Erdoğan engaged in politics by joining the National Turkish Student Union, an anti-communist action group. In 1974, he wrote, directed and played the lead role in the play Maskomya, which presented Freemasonry, Communism and Judaism as evil. In 1976, he became the head of the Beyoğlu youth branch of the Islamist National Salvation Party (MSP). and was later promoted to chair of the Istanbul youth branch of the party.
Ayman al-Zawahiri was reportedly a studious youth. Ayman excelled in school, loved poetry, and "hated violent sports" — which he thought were "inhumane." Al-Zawahiri studied medicine at Cairo University and graduated in 1974 with gayyid giddan, then earned a master's degree in surgery In 1978.
In 1974 Kosovo's political status improved further when a new Yugoslav constitution granted an expanded set of political rights. Along with Vojvodina, Kosovo was declared a province and gained many of the powers of a fully-fledged republic: a seat on the federal presidency and its own assembly, police force and national bank.
As a result, in 1974, the International Bankcard Company (IBANCO), a multinational member corporation, was founded in order to manage the international BankAmericard program.
By 1974, another challenge to the state's authority and legitimacy had come from the 19th of April Movement (M-19), leading to a new phase in the conflict. The M-19 was a mostly urban guerrilla group, founded in response to an electoral fraud during the final National Front election of Misael Pastrana Borrero (1970–1974) and the forced removal of former president Gustavo Rojas Pinilla.
From 1974 to 1980 the bank concentrated on meeting the basic needs of people in the developing world. The size and number of loans to borrowers was greatly increased as loan targets expanded from infrastructure into social services and other sectors.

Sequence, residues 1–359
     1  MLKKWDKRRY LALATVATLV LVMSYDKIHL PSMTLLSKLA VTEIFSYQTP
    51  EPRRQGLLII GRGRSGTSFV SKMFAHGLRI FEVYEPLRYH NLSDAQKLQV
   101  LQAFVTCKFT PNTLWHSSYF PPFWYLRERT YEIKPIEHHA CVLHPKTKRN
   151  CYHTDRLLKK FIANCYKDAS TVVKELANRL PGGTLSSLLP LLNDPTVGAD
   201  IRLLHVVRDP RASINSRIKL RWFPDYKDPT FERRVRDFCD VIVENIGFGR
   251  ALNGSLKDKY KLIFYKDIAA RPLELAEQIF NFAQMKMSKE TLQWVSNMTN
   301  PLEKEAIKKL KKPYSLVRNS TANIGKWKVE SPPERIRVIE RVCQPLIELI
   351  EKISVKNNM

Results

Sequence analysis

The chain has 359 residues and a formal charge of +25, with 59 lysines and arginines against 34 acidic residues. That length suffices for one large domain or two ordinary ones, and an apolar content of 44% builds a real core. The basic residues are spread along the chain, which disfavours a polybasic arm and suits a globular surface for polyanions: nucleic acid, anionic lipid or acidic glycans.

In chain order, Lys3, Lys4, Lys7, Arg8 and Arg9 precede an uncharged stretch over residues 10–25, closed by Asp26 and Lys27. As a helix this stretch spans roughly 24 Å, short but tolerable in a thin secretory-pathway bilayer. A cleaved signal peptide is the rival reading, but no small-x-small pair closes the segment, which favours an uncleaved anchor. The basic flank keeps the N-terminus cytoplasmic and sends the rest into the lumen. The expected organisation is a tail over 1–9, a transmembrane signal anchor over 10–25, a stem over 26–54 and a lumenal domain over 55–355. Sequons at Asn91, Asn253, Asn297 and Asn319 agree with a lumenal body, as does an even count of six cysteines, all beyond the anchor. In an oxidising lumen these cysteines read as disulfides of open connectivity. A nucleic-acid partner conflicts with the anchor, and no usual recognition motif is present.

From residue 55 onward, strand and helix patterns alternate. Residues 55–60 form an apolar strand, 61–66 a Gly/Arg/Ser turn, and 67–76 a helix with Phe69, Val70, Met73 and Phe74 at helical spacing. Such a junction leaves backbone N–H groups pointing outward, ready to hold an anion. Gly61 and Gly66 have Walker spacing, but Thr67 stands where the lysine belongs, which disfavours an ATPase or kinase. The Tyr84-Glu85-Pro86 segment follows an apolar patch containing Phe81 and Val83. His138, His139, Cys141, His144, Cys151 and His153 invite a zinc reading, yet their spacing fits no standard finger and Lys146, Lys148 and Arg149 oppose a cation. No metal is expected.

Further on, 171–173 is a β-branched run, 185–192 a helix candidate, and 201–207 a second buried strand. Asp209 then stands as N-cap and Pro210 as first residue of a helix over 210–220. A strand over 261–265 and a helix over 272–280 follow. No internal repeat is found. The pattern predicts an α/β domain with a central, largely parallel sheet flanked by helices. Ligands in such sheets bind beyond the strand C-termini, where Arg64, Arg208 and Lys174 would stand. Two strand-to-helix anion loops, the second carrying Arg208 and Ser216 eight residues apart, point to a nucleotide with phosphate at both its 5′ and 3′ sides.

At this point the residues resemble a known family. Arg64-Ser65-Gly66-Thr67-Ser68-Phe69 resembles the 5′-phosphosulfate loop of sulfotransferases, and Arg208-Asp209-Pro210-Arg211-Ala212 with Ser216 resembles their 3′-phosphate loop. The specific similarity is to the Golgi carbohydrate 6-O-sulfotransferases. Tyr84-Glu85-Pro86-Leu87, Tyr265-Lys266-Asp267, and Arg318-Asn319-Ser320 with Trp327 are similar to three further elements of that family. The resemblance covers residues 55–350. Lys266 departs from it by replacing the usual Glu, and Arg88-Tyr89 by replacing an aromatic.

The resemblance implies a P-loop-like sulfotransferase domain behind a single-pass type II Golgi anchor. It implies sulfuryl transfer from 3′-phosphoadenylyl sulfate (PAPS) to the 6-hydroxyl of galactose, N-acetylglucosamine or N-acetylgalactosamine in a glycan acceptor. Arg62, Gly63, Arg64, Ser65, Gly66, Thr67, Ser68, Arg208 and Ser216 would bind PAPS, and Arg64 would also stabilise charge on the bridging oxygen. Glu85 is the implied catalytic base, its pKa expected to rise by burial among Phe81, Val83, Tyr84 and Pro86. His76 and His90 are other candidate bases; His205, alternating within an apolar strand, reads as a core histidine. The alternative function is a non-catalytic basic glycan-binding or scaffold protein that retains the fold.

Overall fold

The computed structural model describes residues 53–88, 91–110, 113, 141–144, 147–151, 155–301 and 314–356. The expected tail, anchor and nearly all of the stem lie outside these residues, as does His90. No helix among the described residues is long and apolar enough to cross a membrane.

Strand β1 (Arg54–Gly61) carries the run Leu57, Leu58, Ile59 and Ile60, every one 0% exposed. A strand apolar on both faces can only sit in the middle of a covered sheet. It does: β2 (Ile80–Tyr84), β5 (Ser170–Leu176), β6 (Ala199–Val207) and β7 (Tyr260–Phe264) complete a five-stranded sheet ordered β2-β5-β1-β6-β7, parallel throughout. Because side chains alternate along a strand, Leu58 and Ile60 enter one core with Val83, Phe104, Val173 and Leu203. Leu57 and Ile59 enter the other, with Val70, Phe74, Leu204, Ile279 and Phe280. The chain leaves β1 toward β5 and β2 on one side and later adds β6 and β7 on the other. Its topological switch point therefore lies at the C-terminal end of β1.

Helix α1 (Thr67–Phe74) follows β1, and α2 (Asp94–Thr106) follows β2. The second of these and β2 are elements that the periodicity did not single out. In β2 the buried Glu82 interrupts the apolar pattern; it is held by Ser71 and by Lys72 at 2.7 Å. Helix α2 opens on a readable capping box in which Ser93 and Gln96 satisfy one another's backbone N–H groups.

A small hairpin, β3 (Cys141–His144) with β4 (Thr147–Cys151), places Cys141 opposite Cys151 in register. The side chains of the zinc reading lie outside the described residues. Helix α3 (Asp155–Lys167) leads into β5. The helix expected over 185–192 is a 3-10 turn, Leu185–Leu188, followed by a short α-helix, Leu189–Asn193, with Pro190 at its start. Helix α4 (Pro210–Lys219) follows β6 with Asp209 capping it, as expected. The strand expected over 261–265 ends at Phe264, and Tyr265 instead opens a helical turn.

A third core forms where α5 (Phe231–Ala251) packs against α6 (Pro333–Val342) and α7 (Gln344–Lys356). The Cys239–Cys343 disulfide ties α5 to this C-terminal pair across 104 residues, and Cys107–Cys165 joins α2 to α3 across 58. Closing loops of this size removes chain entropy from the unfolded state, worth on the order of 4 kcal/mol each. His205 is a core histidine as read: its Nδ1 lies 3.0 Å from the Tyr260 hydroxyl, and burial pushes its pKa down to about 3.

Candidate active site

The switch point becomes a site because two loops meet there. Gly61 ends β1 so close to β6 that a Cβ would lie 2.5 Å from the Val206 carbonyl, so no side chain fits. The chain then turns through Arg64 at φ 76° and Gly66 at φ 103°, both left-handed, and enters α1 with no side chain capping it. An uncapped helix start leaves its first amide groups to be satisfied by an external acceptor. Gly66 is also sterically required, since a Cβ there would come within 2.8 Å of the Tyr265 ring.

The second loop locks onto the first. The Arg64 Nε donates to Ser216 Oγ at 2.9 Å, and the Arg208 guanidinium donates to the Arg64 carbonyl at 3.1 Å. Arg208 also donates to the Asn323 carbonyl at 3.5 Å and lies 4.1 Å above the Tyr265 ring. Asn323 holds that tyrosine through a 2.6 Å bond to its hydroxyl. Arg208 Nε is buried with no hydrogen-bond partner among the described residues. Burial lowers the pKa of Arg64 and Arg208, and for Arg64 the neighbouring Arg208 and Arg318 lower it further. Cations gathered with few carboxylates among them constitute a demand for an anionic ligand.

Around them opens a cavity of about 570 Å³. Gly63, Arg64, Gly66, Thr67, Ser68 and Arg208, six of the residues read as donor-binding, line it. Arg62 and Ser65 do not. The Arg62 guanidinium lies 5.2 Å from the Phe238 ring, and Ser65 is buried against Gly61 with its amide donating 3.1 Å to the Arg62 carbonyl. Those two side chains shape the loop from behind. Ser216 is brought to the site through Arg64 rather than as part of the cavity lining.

In 1974, a French scientist Joseph Davidovits gave a theory and stated that the pyramid blocks had been poured into the site using a type of concrete and the cover stones were also man-made. But the sample analysis of the stone does not support this theory.
After two clashes that left 55 South Vietnamese soldiers dead, President Thieu announced on 4 January 1974, that the war had restarted and that the Paris Peace Accord was no longer in effect. This was despite there being over 25,000 South Vietnamese casualties during the ceasefire period.
In January 1974, however, Ted abruptly broke off all contact. Her phone calls and letters went unreturned. Finally reaching him by phone a month later, Brooks demanded to know why Bundy had unilaterally ended their relationship without explanation. In a flat, calm voice, he replied, "Stephanie, I have no idea what you mean" and hung up. She never heard from him again. He later explained, "I just wanted to prove to myself that I could have married her". Brooks concluded in retrospect that he had deliberately planned the entire courtship and rejection in advance as vengeance for the breakup she initiated in 1968.
Shortly after midnight on January 4, 1974 (around the time that he terminated his relationship with Brooks), Bundy entered the basement apartment of 18-year-old Karen Sparks (identified as Joni Lenz, Mary Adams, and Terri Caldwell by various sources), a dancer and student at UW. After bludgeoning Sparks senseless with a metal rod from her bed frame, he sexually assaulted her with either the same rod, or a metal speculum, causing extensive internal injuries. She remained unconscious for 10 days, but survived with permanent physical and mental disabilities.
Year-round daylight saving time was implemented from January 6, 1974, to October 27, 1975, with a break between October 27, 1974, and February 23, 1975, when the country observed standard time. Parents complained loudly that it forced many children to travel to school before sunrise. The prior rules were restored in 1976.